C vs C++

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raevol
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C vs C++

Post by raevol » 01 May 2017, 09:09

I remember a while ago we had a pretty lively discussion on here about why this project is a "C++" project and not a "C/C++" project. At the time all I really knew about C was that it is a "subset" of C++, so I did not understand why it would be incorrect to refer to this project as being programmed in "C/C++".

Boy have I learned a lot since then. I've been through a C++ course, a data structures course taught in Java which highly focused on OOP, an Assembly course, and recently I've been doing quite a bit of C programming.

The C program I wrote recently needed to be optimized as much as possible for speed. I'm pretty proud of it and will probably share it here after I turn it in. But through my programming, due to the optimization and the constraints of the project, my C code evolved into something that, to me, was very apparently glorified assembly code. I was treating memory as a malleable resource, instead of an abstract one. Now, if I was writing a program that would need to be a more general solution and that would need to be maintained in the future by other people, I certainly wouldn't write like this even in C, but the difference between the C and the C++ approach became very clear to me. C was the right solution for my tiny project that needed to run as fast and tight as possible.

C would never work for a project as large as this one, in my view. I'm sure there's amazing C programmers out there who could do it without breaking a sweat, but C++ is obviously the right solution when you need to handle memory in an abstract way, and to enforce permissions and object-orientedness in your code. Without incredibly skilled C programmers, a project of this size would devolve into an unstable mess very quickly if it was written with the C approach.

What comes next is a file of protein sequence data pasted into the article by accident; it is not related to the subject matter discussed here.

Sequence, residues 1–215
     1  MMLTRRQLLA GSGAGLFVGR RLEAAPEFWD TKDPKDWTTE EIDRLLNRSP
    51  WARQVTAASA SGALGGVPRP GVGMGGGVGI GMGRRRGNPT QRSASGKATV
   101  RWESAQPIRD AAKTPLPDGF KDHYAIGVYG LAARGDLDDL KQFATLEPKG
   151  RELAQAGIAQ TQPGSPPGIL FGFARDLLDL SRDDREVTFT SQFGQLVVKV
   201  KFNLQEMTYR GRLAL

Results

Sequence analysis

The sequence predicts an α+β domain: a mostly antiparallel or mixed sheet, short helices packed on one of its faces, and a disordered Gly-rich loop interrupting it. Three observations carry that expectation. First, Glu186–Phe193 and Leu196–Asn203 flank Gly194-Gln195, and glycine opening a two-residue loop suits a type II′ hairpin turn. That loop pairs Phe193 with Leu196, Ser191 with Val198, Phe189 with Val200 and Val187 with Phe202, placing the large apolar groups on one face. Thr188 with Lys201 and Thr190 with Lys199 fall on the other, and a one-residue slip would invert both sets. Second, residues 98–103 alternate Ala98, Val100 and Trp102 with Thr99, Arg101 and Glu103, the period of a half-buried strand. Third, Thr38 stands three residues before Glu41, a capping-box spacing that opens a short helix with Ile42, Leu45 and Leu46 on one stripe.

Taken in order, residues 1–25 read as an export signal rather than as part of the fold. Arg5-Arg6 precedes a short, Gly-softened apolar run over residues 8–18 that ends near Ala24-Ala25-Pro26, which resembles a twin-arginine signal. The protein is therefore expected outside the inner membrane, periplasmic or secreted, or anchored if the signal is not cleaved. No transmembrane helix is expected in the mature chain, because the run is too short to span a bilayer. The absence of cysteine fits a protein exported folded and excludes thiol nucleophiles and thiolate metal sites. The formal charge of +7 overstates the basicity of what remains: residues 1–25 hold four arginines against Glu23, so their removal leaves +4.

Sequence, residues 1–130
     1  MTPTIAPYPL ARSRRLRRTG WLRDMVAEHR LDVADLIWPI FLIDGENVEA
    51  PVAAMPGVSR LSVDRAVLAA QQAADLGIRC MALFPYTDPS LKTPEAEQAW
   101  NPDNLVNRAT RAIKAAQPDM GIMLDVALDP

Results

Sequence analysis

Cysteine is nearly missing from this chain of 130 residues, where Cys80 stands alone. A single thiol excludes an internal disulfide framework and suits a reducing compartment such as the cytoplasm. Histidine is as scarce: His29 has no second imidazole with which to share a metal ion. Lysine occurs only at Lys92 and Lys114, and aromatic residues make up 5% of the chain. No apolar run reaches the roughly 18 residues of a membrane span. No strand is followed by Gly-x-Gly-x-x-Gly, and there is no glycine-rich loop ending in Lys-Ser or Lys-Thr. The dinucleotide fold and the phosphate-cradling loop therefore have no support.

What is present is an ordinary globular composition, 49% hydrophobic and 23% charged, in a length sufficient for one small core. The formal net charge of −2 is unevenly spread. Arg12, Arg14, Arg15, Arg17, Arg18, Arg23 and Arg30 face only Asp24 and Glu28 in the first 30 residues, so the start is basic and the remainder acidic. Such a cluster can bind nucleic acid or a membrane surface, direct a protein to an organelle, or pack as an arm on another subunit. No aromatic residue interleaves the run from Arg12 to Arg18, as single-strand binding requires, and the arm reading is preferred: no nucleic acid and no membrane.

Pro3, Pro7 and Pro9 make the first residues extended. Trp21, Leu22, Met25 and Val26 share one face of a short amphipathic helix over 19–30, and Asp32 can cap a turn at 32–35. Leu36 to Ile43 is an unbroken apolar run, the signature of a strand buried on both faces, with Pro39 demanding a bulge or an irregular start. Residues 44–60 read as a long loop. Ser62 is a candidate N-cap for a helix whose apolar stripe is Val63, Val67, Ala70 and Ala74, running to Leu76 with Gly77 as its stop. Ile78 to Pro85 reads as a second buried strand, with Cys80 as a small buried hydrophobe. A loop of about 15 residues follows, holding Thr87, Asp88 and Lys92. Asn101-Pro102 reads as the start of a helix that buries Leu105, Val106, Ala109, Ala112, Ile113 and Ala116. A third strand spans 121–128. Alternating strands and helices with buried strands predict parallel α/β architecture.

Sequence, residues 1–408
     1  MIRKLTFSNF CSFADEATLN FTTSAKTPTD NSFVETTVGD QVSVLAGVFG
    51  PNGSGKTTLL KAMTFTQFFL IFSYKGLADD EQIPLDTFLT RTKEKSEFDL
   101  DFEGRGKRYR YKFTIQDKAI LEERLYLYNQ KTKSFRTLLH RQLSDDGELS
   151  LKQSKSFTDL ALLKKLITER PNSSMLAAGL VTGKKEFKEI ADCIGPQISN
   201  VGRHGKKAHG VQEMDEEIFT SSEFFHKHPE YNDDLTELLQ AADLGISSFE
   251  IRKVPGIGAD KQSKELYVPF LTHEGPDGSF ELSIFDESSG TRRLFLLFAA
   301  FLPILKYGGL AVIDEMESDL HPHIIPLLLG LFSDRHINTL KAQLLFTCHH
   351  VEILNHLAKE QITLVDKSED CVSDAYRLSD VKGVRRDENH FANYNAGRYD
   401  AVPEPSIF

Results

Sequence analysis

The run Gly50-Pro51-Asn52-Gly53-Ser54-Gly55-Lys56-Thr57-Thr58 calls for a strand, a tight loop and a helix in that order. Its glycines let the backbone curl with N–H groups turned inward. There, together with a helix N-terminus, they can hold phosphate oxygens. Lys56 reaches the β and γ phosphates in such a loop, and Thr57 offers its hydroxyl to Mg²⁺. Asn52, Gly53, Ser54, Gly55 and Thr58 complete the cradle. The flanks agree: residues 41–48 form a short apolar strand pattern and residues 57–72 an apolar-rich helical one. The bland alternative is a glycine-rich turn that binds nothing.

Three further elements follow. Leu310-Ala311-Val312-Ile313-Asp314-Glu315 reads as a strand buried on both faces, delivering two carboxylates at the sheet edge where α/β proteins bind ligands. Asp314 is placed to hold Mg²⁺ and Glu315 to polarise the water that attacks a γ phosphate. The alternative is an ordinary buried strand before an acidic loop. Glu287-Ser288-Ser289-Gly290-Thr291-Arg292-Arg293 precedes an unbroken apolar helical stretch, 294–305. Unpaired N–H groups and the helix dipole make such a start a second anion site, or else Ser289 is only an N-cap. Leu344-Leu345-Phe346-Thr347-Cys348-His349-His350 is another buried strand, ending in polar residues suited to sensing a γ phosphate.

Anyway, this is kind of a rant, but I wanted to share. My schooling is making me fall in love with C++ and now C more and more! I'm curious to hear what our devs here who are more experienced than me think about my personal revelations.

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psi29a
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Re: C vs C++

Post by psi29a » 01 May 2017, 09:25

Have a look at Nethack: https://en.wikipedia.org/wiki/NetHack
Written in C :)

Then there are the GUI's that people put on top like Vulture's Eye.

Image

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raevol
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Re: C vs C++

Post by raevol » 01 May 2017, 09:27

I mean, Nethack is certainly not as complex as this project...

tarsis
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Re: C vs C++

Post by tarsis » 01 May 2017, 09:52

an example for a complex c project is the linux kernel. so you don't need c++ for big projects.

paul graham sums up this topic quite nicely:
Object-oriented programming is popular in big companies, because it suits the way they write software. At big companies, software tends to be written by large (and frequently changing) teams of mediocre programmers. Object-oriented programming imposes a discipline on these programmers that prevents any one of them from doing too much damage. The price is that the resulting code is bloated with protocols and full of duplication. This is not too high a price for big companies, because their software is probably going to be bloated and full of duplication anyway.